When Michelle Stahl AC ’95 found out that on-campus commencement and reunion celebrations had been canceled because of COVID-19, she wanted to do something special for graduating seniors. The result: a virtual Global Illumination Night on May 16.
The Grécourt Gate welcomes your submissions. To discuss a story idea of interest to the Smith community, contact Barbara Solow at 413-585-2171 or send email to email@example.com.
The Smith eDigest is sent to all campus email accounts on Tuesday and Thursday each week during the academic year and on Tuesdays during the summer. Items for eDigest are limited to official Smith business and must be submitted by 5 p.m. on the day prior to the next edition’s distribution.
A Platform for Possibility: Smith’s Mwangi Cultural Center
Wambui Mwangi ’90 was still a young girl in 1973, when Smith’s Afro-American Cultural Center was renamed in honor of her mother—the late Ng’endo Mwangi ’61, Kenya’s first female physician.
Some years later, when Wambui Mwangi was a student at Smith, the center became a hub for campus activism around issues of race and diversity.
This week, the college will host a celebration of the Mwangi Cultural Center, which has long been and still is an an important focus of student engagement at Smith. The rededication event, to be held at noon on Friday, April 6, will spotlight the center’s 45-year history on campus, as well as recent building renovations that have made it a larger, more welcoming space.
On Thursday April 5, at 5 p.m., the center will unveil, “Walking in Their Footsteps—People of Color at Smith,” a display of photos and documents from the College Archives exploring the dynamic stories of students of color who have created a legacy at Smith and in the world.
In an interview in advance of the celebrations, Wambui Mwangi talked about the center that is a key part of her family’s legacy at Smith.
What led you to attend Smith?
“I heard about Smith from my mother, who always wanted me to go there. When I was growing up in Nairobi, a number of my mother’s friends and a few of her professors from Smith came to visit her. She kept in contact with many of her non-Smith Northampton friends as well, and I would get letters from them. I suffered less culture shock when I entered Smith because those relationships created and nurtured a feeling of connection to the college long before I arrived in Northampton.”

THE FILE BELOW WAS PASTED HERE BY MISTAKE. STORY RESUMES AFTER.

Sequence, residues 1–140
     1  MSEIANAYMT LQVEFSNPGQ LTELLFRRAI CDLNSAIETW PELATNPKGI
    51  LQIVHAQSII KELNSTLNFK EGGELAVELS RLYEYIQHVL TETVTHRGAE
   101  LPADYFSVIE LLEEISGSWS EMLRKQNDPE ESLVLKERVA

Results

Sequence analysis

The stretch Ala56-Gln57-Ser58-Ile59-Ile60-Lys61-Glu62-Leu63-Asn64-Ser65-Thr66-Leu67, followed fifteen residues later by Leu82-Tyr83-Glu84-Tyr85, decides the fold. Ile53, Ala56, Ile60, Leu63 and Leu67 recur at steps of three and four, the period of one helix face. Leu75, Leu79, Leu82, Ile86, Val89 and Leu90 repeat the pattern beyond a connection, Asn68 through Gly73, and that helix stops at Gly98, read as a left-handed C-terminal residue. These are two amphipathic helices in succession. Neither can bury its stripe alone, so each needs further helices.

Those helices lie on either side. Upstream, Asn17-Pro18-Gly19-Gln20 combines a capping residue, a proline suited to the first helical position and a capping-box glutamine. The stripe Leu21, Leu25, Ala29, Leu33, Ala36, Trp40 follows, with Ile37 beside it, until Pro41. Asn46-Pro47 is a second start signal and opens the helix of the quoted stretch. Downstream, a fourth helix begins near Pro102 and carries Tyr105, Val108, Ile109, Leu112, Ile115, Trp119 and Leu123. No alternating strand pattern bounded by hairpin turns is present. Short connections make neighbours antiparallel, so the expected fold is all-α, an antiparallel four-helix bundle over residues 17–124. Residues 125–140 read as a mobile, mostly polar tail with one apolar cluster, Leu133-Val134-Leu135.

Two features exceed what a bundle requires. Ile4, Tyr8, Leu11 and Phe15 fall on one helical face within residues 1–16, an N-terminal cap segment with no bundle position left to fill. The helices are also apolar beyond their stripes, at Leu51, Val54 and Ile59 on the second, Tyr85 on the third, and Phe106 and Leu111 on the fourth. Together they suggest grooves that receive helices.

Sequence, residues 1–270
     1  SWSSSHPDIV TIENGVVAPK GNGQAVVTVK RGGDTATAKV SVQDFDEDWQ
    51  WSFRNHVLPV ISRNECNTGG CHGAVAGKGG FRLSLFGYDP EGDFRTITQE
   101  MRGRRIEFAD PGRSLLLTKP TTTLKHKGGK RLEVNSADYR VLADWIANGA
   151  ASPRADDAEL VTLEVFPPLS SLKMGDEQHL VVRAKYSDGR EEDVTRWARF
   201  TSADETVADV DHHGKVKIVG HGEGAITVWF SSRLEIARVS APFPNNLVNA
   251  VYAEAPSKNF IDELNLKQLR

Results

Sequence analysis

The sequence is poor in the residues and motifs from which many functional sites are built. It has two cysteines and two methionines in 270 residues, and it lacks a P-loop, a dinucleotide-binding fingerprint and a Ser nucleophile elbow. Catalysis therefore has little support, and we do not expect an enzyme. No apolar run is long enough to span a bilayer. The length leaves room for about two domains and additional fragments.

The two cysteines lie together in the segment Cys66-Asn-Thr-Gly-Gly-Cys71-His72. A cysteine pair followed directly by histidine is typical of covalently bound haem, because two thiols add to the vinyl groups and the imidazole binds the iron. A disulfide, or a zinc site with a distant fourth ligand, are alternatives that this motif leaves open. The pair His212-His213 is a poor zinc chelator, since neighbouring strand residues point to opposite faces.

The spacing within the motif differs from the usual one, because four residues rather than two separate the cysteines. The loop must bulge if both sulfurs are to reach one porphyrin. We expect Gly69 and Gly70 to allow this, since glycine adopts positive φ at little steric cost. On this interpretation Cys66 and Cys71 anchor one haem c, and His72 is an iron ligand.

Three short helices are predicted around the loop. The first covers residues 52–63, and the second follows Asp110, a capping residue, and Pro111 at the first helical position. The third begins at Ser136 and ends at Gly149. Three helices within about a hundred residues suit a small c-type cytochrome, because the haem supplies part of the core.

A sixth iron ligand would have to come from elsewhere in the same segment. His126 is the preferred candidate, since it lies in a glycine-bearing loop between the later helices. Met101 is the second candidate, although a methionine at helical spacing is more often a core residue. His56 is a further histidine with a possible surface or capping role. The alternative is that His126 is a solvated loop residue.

What role did the Mwangi Center play in the life of the campus when you were a student?
“The Mwangi Center was a sanctuary for students of color from what was sometimes difficult about campus life. I spent a lot of time there because my friends spent time there, too. Not only students of color from the U.S., but also international students from the Global South socialized and had association meetings there. The meeting that led to the founding of the Smith African Students Association—of which I was the first president—was held there. We also planned the anti-racism protests at Smith in the late 1980s at the Mwangi Center.”
How did your time at Smith help shape your life?
“Smith was especially important in my life because it allowed me to have strong friendships with women from minority communities in the U.S. and from the Global South. It’s not often that college-age women from places as diverse as Pakistan, Turkey, Jamaica, South Africa, South Korea, the Dominican Republic, Canada and Kenya can form lifelong friendships. That was and remains a very important network in my life—professionally and personally.”
What impact do you see the Mwangi Center having at this particular moment in time?
“A transnational feminism is urgently necessary for the world. We need global citizens with both the analytical capacities and the personal networks, friendships and connections to create a more livable and just human future. I’m still in contact with most of my friends from Smith, although many of us have now returned to or live in countries other than the United States….If this is true of Smith alumnae generally, it means that the college—and especially the Mwangi Center—is an important platform for global possibility and personal relatedness.”
How do you see the center’s role evolving in the future?
“The students make the center. It will be whatever the women who use it need it to be. All the women who have found a home there have changed and shaped the center, and left something new as well as something old for the next generations. I’m as eager as the next person to see what future Smithies will make of the center—what they will do with and within it.”